Black Lives Matter, All Lives Matter, And Racist Youth
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Politics and Activism

Black Lives Matter, All Lives Matter, And Racist Youth

On millennial racism

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Black Lives Matter, All Lives Matter, And Racist Youth

At the end of the day, we're all people. People living on this earth trying to make our lives a story worth telling. However, we've come across negativity that inhibits some people from making their dreams come true. Kansas State University, University of North Dakota and Quinnipiac University all have something in common and it's not a stellar sports team or outstanding academic excellence. Students have been taking to social media and posting racially incentive content.

Shaun King, author and civil rights activist reposted the photo of the Quinnipiac student onto his Facebook Timeline.

It was a hot and humid afteroon on September 20, 2016 at Quinnipiac University. Everything was normal, nothing was out of the ordinary.

I was going about my day, as usual, heading into hour two of my six hours of class. I knew something was wrong when I saw a student crying in the hallway. I was confused walking into class. As soon as I logged onto Facebook, my confusion cleared up as I saw this Snapchat photo on my timeline:

This photo began circulating campus and drawing a lot of buzz.

But the photo managed to gather traction all across the country on Facebook. The photo has over 40,00 shares and 300 likes from people as far west as Utah and far south as Georgia.

People in outrage took to social media.

“I don't really care what the girl’s intentions were, whether it was supposed to be a joke or not," said Hartlei Stansbury, a Rutgers University student. "But captioning that picture "black lives matter" is extremely insensitive and is making light of a situation that's actually very serious and important to a lot of people including me.”

Stansbury attended Quinnipiac until 2016 and has since transferred to Rutgers University.

"If she had done something like this at any other school (Kansas State) everyone involved would have been kicked out," said Stansbury.

This unkind act affected more than just the students on campus.

"Parents are choosing not to send their children to QU because of how they're handling this situation so not only does this impact the way their African American students feel about walking down Bobcat Way," said Stansbury. "But this is affecting the way potential new students and parents view the institution as a whole."

Students weren't the only ones who were disappointed in the careless actions that occurred. One faculty member was also disturbed by this photo.

Margarita Diaz, a journalism professor at Quinnipiac said in an email, "We’re all responsible for ensuring that every member of the Quinnipiac community feels respected and safe. The university has had its say, and now I hope to see students condemn this act forcefully."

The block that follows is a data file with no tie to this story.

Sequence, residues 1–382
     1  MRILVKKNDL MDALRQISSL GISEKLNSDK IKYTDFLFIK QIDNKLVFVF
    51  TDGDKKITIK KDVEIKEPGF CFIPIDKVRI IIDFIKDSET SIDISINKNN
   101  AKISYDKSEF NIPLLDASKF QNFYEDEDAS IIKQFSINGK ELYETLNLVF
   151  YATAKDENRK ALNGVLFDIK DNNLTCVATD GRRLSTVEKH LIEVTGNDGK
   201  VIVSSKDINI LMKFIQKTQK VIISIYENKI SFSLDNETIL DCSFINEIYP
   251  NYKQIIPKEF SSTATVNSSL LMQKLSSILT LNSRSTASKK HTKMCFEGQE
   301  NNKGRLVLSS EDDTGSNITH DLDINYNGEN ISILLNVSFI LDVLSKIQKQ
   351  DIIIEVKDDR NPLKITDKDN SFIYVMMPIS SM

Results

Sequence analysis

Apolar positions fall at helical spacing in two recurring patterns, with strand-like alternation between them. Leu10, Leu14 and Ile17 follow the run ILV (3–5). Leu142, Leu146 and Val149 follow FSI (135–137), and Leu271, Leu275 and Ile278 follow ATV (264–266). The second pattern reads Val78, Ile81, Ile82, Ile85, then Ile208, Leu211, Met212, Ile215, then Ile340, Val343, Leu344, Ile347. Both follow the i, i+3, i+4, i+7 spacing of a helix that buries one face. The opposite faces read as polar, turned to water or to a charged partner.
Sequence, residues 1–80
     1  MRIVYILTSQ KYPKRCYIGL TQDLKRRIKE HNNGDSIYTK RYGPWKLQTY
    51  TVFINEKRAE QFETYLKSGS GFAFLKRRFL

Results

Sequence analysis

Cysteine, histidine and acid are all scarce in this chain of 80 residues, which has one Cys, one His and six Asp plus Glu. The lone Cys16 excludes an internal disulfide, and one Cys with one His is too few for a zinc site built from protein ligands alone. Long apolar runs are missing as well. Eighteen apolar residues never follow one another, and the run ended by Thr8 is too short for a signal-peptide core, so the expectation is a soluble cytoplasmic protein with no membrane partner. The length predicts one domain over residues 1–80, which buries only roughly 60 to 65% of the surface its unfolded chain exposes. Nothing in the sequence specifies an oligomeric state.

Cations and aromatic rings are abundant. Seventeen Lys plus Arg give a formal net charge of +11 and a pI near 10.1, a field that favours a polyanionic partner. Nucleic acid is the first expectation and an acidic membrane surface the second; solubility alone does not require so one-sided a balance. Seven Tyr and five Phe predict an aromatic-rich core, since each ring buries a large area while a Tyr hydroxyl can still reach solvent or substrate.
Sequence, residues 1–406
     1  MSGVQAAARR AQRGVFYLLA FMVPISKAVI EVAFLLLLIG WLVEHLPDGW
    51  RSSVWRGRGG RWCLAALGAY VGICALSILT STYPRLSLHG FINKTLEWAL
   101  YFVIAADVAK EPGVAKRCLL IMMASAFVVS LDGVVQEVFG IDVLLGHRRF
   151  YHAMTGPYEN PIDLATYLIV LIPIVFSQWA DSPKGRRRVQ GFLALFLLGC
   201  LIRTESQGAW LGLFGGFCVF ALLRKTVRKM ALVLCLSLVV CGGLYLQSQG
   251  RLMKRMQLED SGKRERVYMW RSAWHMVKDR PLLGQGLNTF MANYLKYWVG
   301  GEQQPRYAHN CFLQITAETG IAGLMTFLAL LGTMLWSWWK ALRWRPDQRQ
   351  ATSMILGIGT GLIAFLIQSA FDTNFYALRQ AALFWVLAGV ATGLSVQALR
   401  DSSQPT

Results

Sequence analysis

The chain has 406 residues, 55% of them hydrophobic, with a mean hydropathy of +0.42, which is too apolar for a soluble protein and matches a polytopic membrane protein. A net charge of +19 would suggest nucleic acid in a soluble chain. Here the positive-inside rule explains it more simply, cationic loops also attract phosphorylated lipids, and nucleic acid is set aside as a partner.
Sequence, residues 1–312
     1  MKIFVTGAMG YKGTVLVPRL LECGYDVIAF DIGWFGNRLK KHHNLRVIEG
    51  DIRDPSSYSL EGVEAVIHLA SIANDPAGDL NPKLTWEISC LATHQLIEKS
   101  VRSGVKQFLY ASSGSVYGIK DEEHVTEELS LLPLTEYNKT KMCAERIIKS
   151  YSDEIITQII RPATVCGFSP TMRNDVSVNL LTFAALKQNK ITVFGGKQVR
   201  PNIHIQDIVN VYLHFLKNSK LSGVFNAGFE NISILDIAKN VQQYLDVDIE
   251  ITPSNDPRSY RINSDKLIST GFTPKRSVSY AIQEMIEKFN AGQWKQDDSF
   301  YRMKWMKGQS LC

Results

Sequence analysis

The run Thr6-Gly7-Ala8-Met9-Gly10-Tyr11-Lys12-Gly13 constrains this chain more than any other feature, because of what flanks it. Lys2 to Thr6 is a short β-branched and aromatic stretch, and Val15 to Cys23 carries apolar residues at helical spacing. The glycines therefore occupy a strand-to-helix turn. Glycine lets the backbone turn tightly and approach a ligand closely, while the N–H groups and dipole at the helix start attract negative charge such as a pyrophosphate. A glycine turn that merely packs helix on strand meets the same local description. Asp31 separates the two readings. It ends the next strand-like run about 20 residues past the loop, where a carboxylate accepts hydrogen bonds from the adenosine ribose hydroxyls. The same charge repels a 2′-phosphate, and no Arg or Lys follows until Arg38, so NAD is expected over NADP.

Quinnipiac University prides itself on being diverse and welcoming to all people and cultures. This act of racism on campus does not exemplify what Quinnipiac preaches.

The school has also released a statement on their Facebook page.

As a student at Quinnipiac, I can say this Snapchat photo does not represent Quinnipiac's student body. I am, however, severely disappointed that a student thought that this kind of photo was OK.

It's not and never will be funny to degrade other human beings. Being in college, we are expected to act like adults and the behavior this student chose to act on was far from an adult.

This racially insensitive photo was sent by one student and one student alone.

Mark Thompson, Quinnipiac's Executive Vice President and Provost, was quoted by Quinnipiac’s Q30 News saying, "It’s one student who’s responsible, the other two did not know what was taking place, I’m confident of that based on the investigation that was undertaken.”

It is my hope that students, not only at Quinnipiac but everywhere, will learn from this incident and recognize the foolish behavior as unacceptable.

In second grade we were learning about Ruby Bridges. I remember my teacher saying, “If it wasn’t for Ruby Bridges, children of color wouldn’t be able to go to school."

I also remember looking to my right at my best friend who was African American, and thinking “Thank you Ruby for letting my friend come to my school."

Everyone deserves the right to learn without being judged or made fun of for the color of their skin. Life is hard enough without people making racially insensitive comments and posting photos.

This incident adds to the nationwide fight that people of color have been fighting for far too long.

I never understood why the color of someone’s skin truly mattered. If they’re just as smart, kind, and able, why does it matter? Groups of people in our nation seem to think that African American’s don’t deserve the same rights as everyone else.

People of color are just as capable as the rest of the country.

Mark Thompson sent out an email regarding the incident. It read:

This message was sent out on, September 21, 2016 about 25 hours after I learned about the situation.

I'm happy with the University's quick response time on the matter. I hope though that this doesn't stop the conversation about racially offensive sayings and we begin to discuss ways to ensure that this will never happen again.

This is a conversation that shouldn't just stop now that it's "resolved."

Quinnipiac’s Student Government Association posted this on Facebook and I think everyone needs a little reminder about what we, as Quinnipiac students, are all about.


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This article has not been reviewed by Odyssey HQ and solely reflects the ideas and opinions of the creator.
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